An orange glow engulfs McMinnville campus as Oregon wildfires rage on

Linfield University students saw the slowly encroaching cloud of smoke on Sept. 7, but little could prepare them for the eye-stinging, lung-burning day ahead of them.

Colton Ramos

Anna Frazier and Alexandra Feller

An orange sky turned familiar places, like Linfield Ave., into scenes reminiscent of post-apocalyptic movies such as Blade Runner. (Emma Inge)

Active wildfires as close as Stayton and strong winds shrouded much of Oregon and Washington in smoke, starting on Tuesday. The Oregon Department of Environmental Quality issued an air quality advisory for the Willamette Valley that is likely to remain in effect until Thursday.

McMinnville’s Air Quality Index (AQI) reached 445 by 5 p.m. on Tuesday afternoon, according to the IOS weather app. AQI measures the concentration of hazardous pollutants in the air for a specified area. Scores below 50 are considered “good,” while scores over 300 are considered a health risk.

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Other AQI monitoring services ranked McMinnville at 283 for the same time. It is unclear to students which platforms are trustworthy, but all services show AQI at unhealthy levels. 

By noon on Wednesday, the AQI score on the iPhone weather app said 599, though much of the orange hue subsided to a brown-yellow.

The main pollutant, known as PM-2.5, is made up of very small particles of matter suspended in the air. It is produced when organic materials, such as wood, burn. Health effects caused by elevated levels of PM-2.5 include burning eyes and throat, aggravated lungs, and increased coughing and sneezing for those without preexisting conditions.

The CDC advises everyone in smoke-affected areas to remain inside, keep windows and doors closed, and use high quality air filters if possible. Those with health conditions such as asthma or heart disease should be especially careful about inhaling the smoky air.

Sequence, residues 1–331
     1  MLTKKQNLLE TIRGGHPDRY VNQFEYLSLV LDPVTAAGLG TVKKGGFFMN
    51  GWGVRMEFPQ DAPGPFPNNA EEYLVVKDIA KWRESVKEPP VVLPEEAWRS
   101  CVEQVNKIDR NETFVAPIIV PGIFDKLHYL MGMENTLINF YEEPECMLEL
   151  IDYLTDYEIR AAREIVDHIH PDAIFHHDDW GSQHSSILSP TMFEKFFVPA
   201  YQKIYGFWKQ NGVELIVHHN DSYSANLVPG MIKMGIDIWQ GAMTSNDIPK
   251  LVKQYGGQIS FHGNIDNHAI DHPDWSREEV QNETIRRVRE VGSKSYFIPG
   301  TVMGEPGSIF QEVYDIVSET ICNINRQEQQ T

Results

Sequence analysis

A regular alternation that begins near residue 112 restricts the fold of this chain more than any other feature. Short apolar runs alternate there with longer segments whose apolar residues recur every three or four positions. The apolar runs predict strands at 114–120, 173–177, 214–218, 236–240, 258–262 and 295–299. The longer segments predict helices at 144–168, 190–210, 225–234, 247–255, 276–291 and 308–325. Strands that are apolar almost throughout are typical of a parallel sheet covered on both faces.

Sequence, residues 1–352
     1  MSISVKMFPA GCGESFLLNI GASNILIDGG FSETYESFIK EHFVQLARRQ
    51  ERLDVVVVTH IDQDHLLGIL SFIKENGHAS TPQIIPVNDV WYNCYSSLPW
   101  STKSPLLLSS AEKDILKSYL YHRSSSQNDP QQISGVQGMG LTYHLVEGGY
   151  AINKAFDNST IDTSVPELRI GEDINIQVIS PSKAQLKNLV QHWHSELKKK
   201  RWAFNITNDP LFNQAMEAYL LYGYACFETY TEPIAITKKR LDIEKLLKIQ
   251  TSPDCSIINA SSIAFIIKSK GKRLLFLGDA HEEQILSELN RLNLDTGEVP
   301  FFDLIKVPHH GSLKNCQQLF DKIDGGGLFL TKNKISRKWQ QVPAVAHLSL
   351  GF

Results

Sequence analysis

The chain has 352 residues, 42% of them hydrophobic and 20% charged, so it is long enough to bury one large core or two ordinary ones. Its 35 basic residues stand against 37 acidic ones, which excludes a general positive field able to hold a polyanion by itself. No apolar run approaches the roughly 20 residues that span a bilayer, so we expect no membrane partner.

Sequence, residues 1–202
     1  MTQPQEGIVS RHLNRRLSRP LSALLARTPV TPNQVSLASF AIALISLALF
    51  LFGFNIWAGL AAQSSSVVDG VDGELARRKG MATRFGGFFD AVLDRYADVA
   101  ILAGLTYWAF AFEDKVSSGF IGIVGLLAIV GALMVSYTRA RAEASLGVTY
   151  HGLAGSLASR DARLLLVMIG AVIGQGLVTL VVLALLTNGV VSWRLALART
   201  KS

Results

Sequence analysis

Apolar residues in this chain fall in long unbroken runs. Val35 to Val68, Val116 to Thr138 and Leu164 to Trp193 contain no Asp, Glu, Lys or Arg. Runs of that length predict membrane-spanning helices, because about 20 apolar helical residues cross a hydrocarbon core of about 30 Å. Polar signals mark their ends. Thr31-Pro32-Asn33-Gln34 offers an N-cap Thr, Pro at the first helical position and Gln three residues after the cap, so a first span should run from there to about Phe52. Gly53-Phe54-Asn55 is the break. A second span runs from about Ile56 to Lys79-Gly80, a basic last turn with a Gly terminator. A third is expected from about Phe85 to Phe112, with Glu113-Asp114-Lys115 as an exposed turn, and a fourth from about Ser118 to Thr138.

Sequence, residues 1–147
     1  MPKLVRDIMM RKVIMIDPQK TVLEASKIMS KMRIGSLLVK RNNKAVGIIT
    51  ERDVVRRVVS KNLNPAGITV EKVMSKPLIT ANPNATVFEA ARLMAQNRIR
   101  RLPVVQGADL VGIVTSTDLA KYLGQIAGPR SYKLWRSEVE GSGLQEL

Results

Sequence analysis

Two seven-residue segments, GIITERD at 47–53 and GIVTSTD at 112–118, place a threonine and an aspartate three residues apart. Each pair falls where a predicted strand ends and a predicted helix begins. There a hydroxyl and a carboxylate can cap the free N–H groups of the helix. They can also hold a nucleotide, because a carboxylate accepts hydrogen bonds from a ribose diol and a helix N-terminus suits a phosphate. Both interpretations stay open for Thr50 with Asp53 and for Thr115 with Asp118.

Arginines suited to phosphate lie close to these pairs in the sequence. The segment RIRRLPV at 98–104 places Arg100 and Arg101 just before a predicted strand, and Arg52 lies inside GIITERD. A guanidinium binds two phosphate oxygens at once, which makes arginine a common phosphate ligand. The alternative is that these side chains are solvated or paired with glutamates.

Students on the McMinnville campus are grappling with the added stress of remaining safe during the COVID pandemic. Some symptoms of COVID are similar to the effects of breathing in smoke. 

“Because of sore throats related to air quality, I didn’t pass the Campus Clear for the day,” said Linfield junior Zoe Braun. 

COVID-19 is more easily transmitted indoors, but being outside to reduce risk is not currently an option. McMinnville campus activities have halted while the air remains hazardous for the majority of the day. Many classes, meetings, and outdoor sports were voluntarily moved to Zoom or canceled as smoke continued to fumigate the campus on Wednesday.  

An email announcement sent to students on Wednesday evening confirmed that the campus will remain open but any outdoor activities or classes will be conducted remotely on Thursday and Friday. 

“While data from the Oregon Department of Environmental Quality suggests air quality has improved today as the hours went by, shifting winds and rapidly changing conditions continue to make this a situation we’re watching very closely,” the email said.

Students were surrounded by an orange haze for much of Tuesday and Wednesday, causing a stir on social media.

Through the layers of smoke, the sun was barely visible as a red disk. (Emma Inge)

“It looks like an orange snapchat filter whenever I walk outside,” senior Jordan Leis said on his Snapchat story. Leis was not the only one noticing the atmospheric hue.

Pedro Geterol, also a senior, posted a photo of the sky on his Snapchat with the caption, “My graphics card is not working. Who corrupted my saved file.” Geterol’s video game reference captured the apocalyptic vibe as students trugged to class through foul-smelling air.

Some students are preparing for the worst. Braun and Caitlin Fisher both coordinated evacuation plans with roommates and close friends in case a fire threatens McMinnville.

“My parents have always expressed the importance of being prepared for situations. Since there’s a possibility of a fire impacting our community today or this week, an evacuation plan is part of preparing,” she said.  “Obviously I hope that the fire can be contained, but worst case scenario, I need a ‘to-go’ bag of important items if the fire threatens my safety or that of the university.”

Other students are expressing dismay at the changes they see in their home state. “The smoke is very interesting yet sad to see,” said Colton Ramos, a senior Environmental Policy student. “I’ve grown up hiking around Oregon and these types of things don’t normally affect the Willamette Valley.”